Hearing Loss in Children

Father and son who have has UCM cochlear implants

It can be challenging as a parent if your child as hearing loss, and it can be even more daunting that pediatric hearing loss can lead to developmental delays in language, speech and social skills. That is why selecting a pediatric hospital you can trust is a critical first step to treating your child’s hearing loss.

The University of Chicago Medicine Comer Children’s Hospital provides comprehensive and personalized care for children with hearing loss. Our pediatric hearing loss team provides a family-centered approach in a warm and welcoming environment. We have the skill and experience to treat everything from common ear infections to complex conditions.

We are also very proud of the Thirty Million Words Center. Led by Dr. Dana Suskind and Dr. John List, the center is at the nexus of hearing health, speech, economics and social science. The principle goal of the center is to study the role that parents and caregivers play in enhancing children’s foundational brain development.

Types of Hearing Loss

Hearing loss is more common than parents likely know, and understanding the types and causes of hearing loss in their child is the first step to improving their health.

Conductive hearing loss results from a blockage in the ear that impacts sound conduction. This can be due to a buildup of earwax, fluid in the middle ear, a growth of tissue (cholesteatoma) or problems with the small hearing bones (ossicles). Depending on the types and severity of conductive hearing loss, treatment ranges from taking antibiotics to surgical intervention.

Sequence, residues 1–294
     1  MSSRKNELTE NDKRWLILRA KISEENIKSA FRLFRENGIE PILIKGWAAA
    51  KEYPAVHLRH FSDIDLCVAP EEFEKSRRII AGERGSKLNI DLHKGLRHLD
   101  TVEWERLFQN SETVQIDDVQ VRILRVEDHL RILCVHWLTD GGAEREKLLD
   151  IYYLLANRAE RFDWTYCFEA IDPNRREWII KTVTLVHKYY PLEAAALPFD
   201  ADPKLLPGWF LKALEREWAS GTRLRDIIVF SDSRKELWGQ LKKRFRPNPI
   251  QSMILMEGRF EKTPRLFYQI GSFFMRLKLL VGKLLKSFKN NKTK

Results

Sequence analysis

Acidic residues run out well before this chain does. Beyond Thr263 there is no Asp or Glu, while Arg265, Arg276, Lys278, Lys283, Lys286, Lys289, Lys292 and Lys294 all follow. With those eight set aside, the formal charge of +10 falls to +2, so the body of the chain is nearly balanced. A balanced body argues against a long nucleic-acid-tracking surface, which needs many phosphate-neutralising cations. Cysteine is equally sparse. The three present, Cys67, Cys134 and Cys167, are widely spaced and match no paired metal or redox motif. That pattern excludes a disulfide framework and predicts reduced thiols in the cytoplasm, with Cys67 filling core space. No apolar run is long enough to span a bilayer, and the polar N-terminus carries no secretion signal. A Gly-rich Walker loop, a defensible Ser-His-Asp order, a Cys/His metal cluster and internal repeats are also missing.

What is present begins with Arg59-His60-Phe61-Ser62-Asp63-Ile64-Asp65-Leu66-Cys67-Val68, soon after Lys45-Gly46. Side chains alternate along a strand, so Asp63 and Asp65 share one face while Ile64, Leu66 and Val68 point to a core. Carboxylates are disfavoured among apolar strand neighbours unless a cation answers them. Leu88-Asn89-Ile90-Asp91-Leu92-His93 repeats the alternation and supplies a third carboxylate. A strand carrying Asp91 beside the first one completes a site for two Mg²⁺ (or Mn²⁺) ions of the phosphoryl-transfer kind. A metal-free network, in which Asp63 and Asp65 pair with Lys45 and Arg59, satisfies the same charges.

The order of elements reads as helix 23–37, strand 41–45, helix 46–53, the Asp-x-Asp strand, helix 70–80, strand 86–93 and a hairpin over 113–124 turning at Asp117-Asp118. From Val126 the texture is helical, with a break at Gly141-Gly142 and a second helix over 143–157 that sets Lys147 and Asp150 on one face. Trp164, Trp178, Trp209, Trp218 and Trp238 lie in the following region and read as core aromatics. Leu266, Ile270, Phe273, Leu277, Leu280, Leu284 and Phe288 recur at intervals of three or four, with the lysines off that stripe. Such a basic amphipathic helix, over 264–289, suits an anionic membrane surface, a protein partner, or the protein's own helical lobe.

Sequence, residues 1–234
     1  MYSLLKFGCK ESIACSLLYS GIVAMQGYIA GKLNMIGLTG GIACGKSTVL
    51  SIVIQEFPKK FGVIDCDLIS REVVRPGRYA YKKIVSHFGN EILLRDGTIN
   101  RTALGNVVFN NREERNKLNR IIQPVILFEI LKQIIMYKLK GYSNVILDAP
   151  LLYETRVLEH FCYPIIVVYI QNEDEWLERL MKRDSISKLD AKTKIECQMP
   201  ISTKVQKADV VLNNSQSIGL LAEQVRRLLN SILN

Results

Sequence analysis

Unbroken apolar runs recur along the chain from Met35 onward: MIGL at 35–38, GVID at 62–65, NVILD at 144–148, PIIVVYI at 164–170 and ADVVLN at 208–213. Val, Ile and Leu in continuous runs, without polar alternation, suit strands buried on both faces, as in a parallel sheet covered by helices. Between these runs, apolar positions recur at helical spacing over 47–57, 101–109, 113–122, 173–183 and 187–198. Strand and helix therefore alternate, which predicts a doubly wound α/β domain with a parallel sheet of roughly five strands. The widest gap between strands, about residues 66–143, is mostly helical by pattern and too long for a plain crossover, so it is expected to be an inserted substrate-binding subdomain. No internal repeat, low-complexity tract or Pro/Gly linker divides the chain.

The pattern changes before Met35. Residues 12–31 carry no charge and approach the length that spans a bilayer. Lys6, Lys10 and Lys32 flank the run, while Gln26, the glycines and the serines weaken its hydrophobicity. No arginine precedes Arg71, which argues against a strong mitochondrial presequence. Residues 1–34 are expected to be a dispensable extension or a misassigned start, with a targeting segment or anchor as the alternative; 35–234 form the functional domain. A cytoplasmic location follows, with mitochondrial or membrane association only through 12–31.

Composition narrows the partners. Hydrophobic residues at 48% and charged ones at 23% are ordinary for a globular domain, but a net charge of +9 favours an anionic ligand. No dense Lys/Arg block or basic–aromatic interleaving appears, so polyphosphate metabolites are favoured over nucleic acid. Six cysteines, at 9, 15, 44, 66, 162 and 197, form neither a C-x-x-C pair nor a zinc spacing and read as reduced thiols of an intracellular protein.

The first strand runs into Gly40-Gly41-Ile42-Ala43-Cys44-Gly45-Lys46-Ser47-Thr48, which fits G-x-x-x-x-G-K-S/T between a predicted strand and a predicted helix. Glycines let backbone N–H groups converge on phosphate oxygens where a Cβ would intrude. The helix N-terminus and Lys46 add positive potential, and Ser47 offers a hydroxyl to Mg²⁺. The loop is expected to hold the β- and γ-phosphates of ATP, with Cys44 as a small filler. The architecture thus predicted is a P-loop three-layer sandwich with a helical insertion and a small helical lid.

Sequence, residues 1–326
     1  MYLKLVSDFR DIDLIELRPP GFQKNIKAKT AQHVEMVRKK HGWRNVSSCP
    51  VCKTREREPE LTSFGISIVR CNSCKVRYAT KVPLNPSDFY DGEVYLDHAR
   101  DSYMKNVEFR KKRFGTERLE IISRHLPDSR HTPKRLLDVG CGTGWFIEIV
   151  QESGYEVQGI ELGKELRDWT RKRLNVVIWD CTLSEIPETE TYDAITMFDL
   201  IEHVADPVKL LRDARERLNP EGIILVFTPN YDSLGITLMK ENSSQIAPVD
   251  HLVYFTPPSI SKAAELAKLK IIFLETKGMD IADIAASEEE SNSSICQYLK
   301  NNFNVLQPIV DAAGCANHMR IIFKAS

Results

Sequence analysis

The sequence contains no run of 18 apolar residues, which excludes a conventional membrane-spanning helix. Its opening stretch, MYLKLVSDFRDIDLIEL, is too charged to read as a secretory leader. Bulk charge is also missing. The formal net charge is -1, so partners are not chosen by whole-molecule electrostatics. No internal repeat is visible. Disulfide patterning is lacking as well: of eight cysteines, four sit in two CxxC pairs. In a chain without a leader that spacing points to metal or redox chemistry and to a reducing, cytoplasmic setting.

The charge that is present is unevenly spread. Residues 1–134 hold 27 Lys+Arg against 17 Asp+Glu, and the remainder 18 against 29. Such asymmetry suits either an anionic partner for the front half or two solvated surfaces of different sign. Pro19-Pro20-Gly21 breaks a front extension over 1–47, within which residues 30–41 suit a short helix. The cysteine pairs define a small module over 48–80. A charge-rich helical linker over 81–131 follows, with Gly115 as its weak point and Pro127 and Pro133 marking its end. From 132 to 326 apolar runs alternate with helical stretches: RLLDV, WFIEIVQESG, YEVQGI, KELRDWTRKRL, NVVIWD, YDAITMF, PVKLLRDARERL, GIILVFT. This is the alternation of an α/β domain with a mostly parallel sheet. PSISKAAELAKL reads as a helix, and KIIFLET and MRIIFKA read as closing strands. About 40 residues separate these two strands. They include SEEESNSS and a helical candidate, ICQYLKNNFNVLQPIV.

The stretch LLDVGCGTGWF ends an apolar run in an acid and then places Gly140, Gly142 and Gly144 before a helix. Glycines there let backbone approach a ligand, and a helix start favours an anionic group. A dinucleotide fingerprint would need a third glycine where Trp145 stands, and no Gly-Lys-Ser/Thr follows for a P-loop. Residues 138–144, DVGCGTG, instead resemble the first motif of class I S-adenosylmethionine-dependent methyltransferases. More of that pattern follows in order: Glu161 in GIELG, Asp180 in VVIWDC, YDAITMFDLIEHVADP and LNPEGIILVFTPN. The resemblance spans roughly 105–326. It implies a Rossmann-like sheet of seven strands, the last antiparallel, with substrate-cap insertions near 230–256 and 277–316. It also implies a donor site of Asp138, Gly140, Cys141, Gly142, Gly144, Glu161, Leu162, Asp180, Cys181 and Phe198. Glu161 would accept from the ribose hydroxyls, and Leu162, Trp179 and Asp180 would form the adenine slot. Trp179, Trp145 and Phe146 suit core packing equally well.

Sensorineural hearing loss is often considered permanent hearing loss because of nerve or inner ear damage. This can occur after continued exposure to loud noises, illness, ear trauma and more. Sensorineural hearing loss is typically addressed with hearing aids, but depending on the severity of your child's hearing loss, may be treated surgically with a cochlear implant or other implantable devices.

Mixed hearing loss occurs when your child has hearing issues resulting from both conductive and sensorineural causes. With mixed hearing loss, there is typically a combination of issues that impact the outer, middle and/or inner ears. 

Risks and Signs of Childhood Hearing Loss

Not every child with hearing loss was at risk, but it is still important to know what can predispose your child to having hearing loss before or after birth. Common risk factors include:

  • Family history of hearing loss (including genetic conditions)
  • Neurodegenerative disorders, such as Hunter syndrome and Friedreich ataxia
  • Syndromes related to hearing loss, such as neurofibromatosis and Ushers syndrome
  • In-womb infections
  • Contracting a disease that can impact hearing loss, including meningitis, chickenpox and rubella
  • Severe head trauma

It can be difficult to identify if your child has hearing loss, but some common signs of hearing loss include:

  • Doesn’t startle at loud noises
  • Doesn’t respond when his or her name is called
  • Is not progressing with speech or language
  • Difficulty following conversations and having issues responding or articulating
  • Is having issues following/understanding lessons at school
  • Turns up the volume of the TV, tablet, cellphone or other digital devices to extremely high levels
  • Suffers from reoccurring earaches and ear pain

Contact your physician if you are worried that your child may be at risk for hearing loss and are experiencing one or more of the above symptoms.

Telemedicine at Comer Children's

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Pediatric Hearing Loss